### Simons Big Data Boot Camp

I am in a boot camp, but this is at Simons, Berkeley, so more sandals than shoes.

Dick Karp and Alistair Sinclair started off the Big Data program this Fall by setting the meeting in context, both the broader one in terms of Simons' effort to support theory (Dick) and in narrower context of the Big Data program of bringing researchers from many different areas together via series of tutorials during this boot camp (Alistair). Michael Jordan, while being on a sabbatical across the Atlantic, managed to pull off organizing not only this boot camp, but also the entire program. Amazing! He has pulled together an enormous trove of talented researchers and everyone I talked to was pumped up and felt inspired to get something done this semester.

The scientific program started with Michael Jordan's two parts talk, one a breezy overview of Stats,CS and the interface, and the other, a dive into couple of results. This was phenomenal. Deep insights in simple sentences.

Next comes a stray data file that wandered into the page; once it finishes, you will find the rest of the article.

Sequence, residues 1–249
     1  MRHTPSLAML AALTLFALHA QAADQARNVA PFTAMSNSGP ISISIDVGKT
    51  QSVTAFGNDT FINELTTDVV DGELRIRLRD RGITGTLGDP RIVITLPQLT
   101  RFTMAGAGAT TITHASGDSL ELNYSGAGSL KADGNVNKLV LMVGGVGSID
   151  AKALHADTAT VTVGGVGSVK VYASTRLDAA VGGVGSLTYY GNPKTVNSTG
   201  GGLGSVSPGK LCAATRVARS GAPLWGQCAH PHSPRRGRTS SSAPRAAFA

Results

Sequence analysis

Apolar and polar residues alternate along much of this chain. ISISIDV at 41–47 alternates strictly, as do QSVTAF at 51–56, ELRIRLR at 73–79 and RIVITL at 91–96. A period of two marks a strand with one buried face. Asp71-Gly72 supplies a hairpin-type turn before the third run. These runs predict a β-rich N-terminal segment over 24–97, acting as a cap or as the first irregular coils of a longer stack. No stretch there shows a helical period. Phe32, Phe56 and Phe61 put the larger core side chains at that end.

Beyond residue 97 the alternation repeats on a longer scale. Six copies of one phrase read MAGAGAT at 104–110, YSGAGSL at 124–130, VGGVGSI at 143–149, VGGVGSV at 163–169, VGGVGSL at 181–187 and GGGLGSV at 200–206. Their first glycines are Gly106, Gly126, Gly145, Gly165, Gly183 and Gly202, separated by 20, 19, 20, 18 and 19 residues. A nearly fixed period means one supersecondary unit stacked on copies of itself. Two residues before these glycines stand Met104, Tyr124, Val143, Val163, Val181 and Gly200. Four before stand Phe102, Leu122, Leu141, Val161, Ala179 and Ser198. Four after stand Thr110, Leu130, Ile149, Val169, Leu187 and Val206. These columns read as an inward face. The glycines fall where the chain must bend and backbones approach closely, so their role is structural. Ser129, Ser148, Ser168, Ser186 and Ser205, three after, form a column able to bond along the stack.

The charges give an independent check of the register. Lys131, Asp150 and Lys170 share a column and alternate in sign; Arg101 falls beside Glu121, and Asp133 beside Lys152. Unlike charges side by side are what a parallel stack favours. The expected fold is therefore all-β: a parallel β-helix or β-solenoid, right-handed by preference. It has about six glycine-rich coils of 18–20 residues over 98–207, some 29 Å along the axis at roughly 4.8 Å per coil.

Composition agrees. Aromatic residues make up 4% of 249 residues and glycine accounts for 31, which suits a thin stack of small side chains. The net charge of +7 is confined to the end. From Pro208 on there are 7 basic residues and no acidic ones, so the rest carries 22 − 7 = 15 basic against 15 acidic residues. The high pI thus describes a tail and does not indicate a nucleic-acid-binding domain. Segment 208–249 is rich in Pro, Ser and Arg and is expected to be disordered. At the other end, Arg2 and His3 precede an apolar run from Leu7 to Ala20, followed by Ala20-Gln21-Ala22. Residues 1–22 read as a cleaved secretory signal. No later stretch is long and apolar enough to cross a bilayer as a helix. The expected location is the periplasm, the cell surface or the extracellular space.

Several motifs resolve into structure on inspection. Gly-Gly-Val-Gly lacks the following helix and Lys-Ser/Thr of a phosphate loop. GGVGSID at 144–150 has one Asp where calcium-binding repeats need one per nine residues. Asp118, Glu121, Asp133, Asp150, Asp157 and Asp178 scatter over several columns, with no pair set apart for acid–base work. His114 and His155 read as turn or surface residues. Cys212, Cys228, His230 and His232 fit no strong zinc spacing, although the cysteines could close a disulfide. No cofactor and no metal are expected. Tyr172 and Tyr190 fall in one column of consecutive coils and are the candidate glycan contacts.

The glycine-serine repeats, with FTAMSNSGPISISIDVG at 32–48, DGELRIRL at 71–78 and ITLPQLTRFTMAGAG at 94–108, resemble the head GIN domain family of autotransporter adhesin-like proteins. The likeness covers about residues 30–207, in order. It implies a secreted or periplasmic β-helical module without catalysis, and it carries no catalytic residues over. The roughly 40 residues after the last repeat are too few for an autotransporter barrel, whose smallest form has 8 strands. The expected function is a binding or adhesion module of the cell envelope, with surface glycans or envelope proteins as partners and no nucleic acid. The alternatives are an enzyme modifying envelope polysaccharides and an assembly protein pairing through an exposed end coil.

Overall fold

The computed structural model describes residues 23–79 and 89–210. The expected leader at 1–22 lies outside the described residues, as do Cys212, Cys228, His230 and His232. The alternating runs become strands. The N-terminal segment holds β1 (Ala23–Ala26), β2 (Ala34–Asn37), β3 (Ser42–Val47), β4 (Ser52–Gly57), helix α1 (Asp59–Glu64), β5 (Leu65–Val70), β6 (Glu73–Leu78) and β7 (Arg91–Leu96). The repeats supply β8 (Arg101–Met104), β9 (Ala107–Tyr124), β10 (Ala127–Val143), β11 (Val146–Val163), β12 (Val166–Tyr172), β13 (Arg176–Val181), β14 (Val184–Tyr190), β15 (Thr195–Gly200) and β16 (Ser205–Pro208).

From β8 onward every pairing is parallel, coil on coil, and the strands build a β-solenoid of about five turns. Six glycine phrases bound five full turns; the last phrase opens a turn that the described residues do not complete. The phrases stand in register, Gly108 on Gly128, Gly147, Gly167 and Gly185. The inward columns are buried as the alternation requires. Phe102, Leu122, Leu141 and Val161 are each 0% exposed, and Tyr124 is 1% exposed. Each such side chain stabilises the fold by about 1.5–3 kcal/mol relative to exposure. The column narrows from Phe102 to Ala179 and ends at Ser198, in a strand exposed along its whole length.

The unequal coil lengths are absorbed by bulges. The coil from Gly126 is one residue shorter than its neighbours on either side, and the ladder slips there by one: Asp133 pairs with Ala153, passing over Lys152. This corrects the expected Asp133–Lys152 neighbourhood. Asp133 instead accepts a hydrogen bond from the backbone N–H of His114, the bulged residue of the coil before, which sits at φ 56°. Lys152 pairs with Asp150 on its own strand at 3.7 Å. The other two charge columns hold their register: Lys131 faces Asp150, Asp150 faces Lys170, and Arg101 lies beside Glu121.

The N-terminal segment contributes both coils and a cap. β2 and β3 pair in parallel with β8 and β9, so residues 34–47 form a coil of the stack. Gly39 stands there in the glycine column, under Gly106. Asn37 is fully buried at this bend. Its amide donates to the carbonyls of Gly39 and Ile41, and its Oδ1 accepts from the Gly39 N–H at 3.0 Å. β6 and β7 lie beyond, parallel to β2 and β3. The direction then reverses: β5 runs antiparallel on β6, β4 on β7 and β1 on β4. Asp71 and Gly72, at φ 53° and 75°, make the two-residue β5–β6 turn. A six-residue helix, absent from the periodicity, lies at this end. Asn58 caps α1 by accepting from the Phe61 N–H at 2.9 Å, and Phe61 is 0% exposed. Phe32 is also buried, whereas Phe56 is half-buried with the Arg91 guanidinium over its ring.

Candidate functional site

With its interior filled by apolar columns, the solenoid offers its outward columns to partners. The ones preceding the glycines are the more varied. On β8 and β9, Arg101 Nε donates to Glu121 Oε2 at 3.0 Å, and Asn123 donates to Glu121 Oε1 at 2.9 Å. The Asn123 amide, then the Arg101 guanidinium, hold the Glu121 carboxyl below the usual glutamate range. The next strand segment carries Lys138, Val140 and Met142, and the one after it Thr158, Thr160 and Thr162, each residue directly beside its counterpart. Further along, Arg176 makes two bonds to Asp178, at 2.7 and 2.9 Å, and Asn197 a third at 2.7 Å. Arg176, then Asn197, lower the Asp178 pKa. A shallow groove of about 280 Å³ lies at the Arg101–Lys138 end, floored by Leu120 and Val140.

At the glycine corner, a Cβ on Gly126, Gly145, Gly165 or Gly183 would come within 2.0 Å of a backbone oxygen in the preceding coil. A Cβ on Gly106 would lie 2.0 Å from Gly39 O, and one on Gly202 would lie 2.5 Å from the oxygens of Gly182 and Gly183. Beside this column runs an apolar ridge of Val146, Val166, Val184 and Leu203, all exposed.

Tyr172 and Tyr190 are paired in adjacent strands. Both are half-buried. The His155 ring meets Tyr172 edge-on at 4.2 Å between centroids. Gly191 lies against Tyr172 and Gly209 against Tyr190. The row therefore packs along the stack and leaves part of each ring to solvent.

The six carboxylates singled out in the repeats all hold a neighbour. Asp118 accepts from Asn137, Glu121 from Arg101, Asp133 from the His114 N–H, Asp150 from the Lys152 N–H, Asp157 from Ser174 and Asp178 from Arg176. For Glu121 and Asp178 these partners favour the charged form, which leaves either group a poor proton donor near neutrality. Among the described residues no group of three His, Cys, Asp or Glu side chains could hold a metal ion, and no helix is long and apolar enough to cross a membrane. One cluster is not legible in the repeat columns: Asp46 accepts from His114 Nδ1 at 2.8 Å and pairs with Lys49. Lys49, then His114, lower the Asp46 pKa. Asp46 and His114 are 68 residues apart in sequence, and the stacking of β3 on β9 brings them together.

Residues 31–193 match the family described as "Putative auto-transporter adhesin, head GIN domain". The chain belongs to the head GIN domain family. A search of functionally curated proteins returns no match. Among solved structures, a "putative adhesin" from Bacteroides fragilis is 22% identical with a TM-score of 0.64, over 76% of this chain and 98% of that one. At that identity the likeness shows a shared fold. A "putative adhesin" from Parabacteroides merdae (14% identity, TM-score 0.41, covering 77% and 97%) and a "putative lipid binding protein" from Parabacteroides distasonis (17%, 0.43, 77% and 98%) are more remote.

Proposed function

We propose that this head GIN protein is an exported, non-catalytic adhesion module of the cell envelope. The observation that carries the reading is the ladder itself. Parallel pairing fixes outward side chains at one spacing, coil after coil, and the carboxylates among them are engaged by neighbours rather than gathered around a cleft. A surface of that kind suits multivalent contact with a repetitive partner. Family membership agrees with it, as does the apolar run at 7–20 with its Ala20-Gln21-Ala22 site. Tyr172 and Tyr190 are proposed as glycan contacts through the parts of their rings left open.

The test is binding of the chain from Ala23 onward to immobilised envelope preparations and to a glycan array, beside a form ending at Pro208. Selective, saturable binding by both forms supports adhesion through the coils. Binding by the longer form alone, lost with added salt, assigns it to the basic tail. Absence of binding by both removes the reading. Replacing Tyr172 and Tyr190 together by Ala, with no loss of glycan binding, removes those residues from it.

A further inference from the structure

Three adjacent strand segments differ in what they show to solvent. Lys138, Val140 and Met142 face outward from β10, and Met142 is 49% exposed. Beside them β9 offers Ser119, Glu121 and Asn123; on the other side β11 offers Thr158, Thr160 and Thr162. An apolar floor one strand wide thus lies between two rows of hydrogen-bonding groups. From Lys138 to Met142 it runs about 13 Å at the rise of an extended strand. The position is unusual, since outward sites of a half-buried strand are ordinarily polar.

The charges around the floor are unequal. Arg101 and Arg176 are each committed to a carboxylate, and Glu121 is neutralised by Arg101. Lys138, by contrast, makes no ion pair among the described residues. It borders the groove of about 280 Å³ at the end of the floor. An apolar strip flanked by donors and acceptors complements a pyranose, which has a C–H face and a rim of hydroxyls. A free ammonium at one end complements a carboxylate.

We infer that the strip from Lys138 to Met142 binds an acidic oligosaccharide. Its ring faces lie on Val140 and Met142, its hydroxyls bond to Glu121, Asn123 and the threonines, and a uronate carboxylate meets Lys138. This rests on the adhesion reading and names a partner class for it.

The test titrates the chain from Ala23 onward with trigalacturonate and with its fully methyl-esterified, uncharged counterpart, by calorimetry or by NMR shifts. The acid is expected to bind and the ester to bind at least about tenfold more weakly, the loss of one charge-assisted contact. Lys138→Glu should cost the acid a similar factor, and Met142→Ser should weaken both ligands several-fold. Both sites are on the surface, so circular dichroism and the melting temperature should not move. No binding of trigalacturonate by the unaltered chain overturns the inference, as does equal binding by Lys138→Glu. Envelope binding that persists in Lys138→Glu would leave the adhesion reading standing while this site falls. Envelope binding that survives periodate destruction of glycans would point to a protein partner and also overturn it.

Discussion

Joel Tropp, in a superhuman effort, spoke for 3 hours in one afternoon. He is a deliberate and precise speaker. He started with drawing the large arc of random matrices, from early days to now. Random matrix analyses are hard. He presented two simple, abstract principles (break random matrix into sum of independent ones and use exponential tailbounds on spectral properties) that he posited will be sufficient to do many of the random matrix analyses, if not to the finest bounds, good enough and more doable. He gave a few examples and then spent the rest of the lecture presenting matrix versions of bunch of inequalities that we know from non-matrix context (Bernstein, Markov, etc): these get remarkably subtle in form and proof. While many of us in TCS have worked with inequalities like this for specific problems we wished to solve and prove them as needed in the form we like, Joel has done a splendid job of abstracting these into well framed tools and polished/refined/applied them. Focusing only on the expository potential of this work, this is akin to what Spencer/Alon book/lecture notes does for the probabilistic method with the traditional tools. You can check out the video to see his highly polished, superb performance.